Seattle may extend alcohol-sale limits to much larger area

The alcohol trickles into Jean Sundborg's neighborhood one can of malt liquor at a time, bought by the men she sees sleeping it off in the bushes. She sidesteps the flotsam of crumpled cans on her daily walks.

It seemed an irksome cost of urban living on Lower Queen Anne, until she started collecting the receipts left in the brown paper bags. All came from neighborhood grocery stores.

"I cannot change that a developer is going to develop land in my neighborhood," Sundborg said. "I can ask there be steps taken to reduce alcohol sales."

Seattle, spurred by a flood of such complaints, is hoping to cut off the booze stream. City staff members have drafted a plan to expand the type of alcohol restrictions in Pioneer Square to two large sections of the city — the University District and an area including the Chinatown International District, Lower Queen Anne and Capitol Hill.

The proposal, which staff members hope to present to the City Council next month, would ask merchants within the new boundary to voluntarily stop selling fortified wines and single cans of beer of all types, and to not sell any alcohol from 6 a.m. to 9 a.m.

Liquor distributors say a voluntary ban is doomed to fail, as it did in Pioneer Square, and they expect the city to eventually push for mandatory restrictions.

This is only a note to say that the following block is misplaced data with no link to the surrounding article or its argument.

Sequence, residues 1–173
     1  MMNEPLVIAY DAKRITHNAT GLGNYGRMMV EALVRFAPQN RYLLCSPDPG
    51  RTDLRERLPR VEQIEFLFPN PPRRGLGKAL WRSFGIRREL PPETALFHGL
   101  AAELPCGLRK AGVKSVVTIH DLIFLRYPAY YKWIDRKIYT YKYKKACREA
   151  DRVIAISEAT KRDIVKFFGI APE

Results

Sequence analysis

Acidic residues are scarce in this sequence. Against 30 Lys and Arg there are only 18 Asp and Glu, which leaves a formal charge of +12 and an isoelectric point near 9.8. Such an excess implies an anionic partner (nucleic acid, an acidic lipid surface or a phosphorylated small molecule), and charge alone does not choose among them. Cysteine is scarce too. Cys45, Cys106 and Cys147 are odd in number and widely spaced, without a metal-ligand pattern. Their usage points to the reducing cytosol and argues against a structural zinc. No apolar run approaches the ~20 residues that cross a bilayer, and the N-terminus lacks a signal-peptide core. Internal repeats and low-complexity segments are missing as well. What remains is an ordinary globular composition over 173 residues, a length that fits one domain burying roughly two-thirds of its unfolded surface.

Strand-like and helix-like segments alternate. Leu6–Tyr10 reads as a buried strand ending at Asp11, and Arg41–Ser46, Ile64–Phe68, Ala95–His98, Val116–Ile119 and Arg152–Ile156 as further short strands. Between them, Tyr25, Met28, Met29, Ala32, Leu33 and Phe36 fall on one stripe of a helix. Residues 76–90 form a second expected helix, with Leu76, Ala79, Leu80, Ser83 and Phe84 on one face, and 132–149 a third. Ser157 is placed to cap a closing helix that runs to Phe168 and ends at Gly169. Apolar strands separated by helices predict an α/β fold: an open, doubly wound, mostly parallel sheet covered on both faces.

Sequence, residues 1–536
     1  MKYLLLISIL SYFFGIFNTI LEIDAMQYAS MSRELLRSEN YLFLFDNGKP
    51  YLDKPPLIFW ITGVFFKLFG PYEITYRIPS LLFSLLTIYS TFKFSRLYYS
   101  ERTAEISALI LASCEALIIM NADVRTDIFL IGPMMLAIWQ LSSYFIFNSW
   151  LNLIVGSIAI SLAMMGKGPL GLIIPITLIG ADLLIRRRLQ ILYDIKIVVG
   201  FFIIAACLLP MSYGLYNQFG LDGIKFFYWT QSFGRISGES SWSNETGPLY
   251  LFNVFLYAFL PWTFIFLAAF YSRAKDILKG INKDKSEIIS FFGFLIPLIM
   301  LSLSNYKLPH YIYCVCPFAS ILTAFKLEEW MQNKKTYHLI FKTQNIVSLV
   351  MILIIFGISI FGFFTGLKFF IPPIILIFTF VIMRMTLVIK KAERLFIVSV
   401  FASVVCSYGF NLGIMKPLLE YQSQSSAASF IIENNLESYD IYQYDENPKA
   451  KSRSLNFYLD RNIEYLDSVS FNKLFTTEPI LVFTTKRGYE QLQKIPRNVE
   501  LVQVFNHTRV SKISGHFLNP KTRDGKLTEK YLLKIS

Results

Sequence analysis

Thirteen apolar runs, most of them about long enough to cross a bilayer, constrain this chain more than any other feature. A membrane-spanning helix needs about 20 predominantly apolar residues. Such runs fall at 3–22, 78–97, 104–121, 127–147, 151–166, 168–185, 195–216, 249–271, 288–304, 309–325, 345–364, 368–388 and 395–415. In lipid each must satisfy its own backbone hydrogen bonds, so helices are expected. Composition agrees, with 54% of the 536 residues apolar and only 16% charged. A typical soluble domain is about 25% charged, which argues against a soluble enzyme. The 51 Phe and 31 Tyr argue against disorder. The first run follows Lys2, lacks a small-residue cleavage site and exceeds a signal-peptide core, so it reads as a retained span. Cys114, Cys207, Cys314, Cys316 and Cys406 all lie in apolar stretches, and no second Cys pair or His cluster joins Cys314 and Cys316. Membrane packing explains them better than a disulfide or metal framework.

If the proposal is approved, Seattle would join a growing list of municipalities statewide eager to clean up — if not solve — the problems caused by street alcoholics. It also would mirror a trend of traditionally liberal West Coast cities turning to more aggressive measures.

Neighborhood and business leaders say the 6-square-mile boundary is critical because the Pioneer Square ban, which went into effect in October, has had a "toothpaste-tube" effect of pushing street alcoholics into other urban neighborhoods.

For neighborhoods just outside the proposed boundary — such as Beacon Hill, Rainier Valley and Wallingford — the borders may not be big enough.

Capitol Hill has been hardest hit, with a spike in calls to the city's "sobering unit" van for pickup. One Capitol Hill resident said he came home recently to find two homeless and inebriated men in his hot tub.